I guess that excuses that the Republicans started the program in the first place. Their program was so flawed it started the controversy. The Republican Patriot Act has been shown to be full of violations of individual rights.
Coincidentally enough the person who introduced the legislation I mentioned above also introduced the Patriot Act legislation. And I'm sorry, the Democrats don't get to take any moral high ground on this issue. While it was introduced and signed by the Republicans, it passed with such a majority that many Democrats get both credit and blame. To the tune of 357 to 66 in the house and 98 to 1 in the Senate. Plus the president could always utilize his executive powers to "just say no" we aren't going to do that. And to top it off, President Obama has signed not one, but two extensions to the Patriot Act.You're more concerned with the invasion of privacy aspect than the saving of pilot lives? Really?
It was Bush who introduced the use of drones in that war zone first. As I have said before, if you don't care about the larger loss of life among our soldiers by all means force the discontinuation of drones. The only reason I support drones, is to save American soldiers lives. These laws refelect Republican ideology. They are the ones who could care less about individual freedoms. The Democrats also gave Bush the right to invade Iraq. Two wrongs don't make a right. If you don't think history has proven them all wrong, then you aren't to smart.
"The only reason I support drones, is to save American soldiers lives." Being a soldier I happen to support that also Anon. However, this post speaks mostly to the increasing use of drones in the United States. And in this country, the use of drones isn't necessary to save the lives of soldiers. Here, the issue is rights to privacy and to be free from unreasonable intrusions. There seems somewhere to have been a sea change in attitude in the government. Many seem to have adopted the attitude of doing something is ok as long as we don't get caught, or if no one complains, its ok, at least until the courts say so. No one at these meetings, be they Democrat or Republican, is raising their hands and saying this stuff isn't right. Eventually the courts will decide this issue of unreasonable searches using data acquired using this gee wiz technology.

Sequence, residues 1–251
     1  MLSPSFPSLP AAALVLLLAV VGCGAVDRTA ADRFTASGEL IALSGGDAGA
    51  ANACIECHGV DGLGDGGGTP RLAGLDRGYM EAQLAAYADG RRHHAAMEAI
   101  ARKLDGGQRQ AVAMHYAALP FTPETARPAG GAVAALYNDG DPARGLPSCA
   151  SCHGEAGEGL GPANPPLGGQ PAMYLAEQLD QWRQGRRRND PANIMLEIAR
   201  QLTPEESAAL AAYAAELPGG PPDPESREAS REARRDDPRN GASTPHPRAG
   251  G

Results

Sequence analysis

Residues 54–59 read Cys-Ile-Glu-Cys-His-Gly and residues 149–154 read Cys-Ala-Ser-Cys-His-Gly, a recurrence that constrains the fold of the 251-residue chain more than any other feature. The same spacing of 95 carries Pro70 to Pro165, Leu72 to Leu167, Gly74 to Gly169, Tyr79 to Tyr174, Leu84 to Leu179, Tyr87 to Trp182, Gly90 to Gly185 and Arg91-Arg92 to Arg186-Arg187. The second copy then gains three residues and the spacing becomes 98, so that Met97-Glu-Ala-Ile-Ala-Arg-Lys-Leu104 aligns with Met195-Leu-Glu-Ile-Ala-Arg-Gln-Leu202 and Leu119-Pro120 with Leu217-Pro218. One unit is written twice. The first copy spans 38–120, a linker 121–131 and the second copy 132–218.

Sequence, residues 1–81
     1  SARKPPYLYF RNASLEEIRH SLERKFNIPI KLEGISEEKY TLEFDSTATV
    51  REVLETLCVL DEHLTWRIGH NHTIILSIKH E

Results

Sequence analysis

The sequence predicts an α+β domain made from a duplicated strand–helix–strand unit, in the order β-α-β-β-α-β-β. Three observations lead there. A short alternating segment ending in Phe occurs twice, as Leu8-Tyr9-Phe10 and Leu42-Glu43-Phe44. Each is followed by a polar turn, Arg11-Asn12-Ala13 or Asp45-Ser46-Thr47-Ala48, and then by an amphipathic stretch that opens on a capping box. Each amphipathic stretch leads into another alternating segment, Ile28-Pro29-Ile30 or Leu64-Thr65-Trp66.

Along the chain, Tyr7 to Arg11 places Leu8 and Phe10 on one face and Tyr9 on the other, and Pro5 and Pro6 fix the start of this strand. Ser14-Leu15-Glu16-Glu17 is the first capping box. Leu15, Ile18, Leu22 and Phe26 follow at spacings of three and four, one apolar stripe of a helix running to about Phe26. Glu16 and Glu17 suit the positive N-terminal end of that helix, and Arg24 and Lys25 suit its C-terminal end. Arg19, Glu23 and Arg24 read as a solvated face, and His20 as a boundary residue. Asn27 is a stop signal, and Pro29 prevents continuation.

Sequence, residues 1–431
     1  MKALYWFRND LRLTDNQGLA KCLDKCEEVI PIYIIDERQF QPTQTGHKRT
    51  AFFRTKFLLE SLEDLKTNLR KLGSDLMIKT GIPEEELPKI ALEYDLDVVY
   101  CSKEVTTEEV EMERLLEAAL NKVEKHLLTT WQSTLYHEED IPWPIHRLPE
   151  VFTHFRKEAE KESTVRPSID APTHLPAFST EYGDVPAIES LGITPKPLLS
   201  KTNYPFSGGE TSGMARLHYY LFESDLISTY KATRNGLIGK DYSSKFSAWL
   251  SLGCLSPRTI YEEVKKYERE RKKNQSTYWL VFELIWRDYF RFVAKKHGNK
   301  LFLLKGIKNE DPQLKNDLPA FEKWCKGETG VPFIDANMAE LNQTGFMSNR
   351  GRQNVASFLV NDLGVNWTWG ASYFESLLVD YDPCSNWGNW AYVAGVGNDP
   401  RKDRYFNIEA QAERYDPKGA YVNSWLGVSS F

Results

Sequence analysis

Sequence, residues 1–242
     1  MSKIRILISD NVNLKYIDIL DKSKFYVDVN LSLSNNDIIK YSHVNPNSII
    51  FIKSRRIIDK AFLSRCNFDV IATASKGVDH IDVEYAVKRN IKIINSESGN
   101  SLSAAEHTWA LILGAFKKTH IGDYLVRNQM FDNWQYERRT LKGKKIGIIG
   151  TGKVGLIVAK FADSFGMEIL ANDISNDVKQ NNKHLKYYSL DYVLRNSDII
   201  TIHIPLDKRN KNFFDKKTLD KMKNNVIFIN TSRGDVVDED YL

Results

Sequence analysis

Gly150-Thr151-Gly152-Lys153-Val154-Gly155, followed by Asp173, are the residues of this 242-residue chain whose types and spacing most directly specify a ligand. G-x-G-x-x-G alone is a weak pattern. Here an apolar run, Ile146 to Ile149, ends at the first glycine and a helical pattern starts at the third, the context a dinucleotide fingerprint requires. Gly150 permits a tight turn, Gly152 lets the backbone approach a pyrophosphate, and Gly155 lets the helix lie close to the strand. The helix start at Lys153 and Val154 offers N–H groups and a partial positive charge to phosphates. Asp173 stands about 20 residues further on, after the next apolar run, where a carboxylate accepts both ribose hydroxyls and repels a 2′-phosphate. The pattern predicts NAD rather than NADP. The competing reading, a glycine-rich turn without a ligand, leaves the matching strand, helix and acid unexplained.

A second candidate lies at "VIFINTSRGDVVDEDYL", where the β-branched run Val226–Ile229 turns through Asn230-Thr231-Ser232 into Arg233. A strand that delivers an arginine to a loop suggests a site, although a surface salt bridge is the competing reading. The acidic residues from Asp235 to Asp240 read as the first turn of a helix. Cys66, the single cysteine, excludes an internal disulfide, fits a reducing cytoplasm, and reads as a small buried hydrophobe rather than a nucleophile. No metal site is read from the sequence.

There is nothing new about the government spying on Americans and this is just the latest technology to come along. Each technology has ended up before the court, just as photography, audio tapes, video, public cameras, etc.
This post is about the history of drones and mostly about military use of drones. Reread the post.
This post is about the history of drones and mostly about military use of drones." The history of drones does deal mainly with its military applications. The graphic then progresses into its current uses which deals exclusively with civilian applications. It then show how they might be used in the future and then it touches on concerns in regards to misuse of drones, which is what I spoke to. Perhaps you should take your own advice,"Reread the post."
It's titled "how they might be used" as compared to how they have been used. Reread the post.
Yep, and if you look way up at the top at my first comment I speak to the potential for misuse in the area of privacy.
Yep, well where is your proof of privacy misuse? The post said "might" and you said "potential." Are you going to keep this stupid word game going even though you already lost?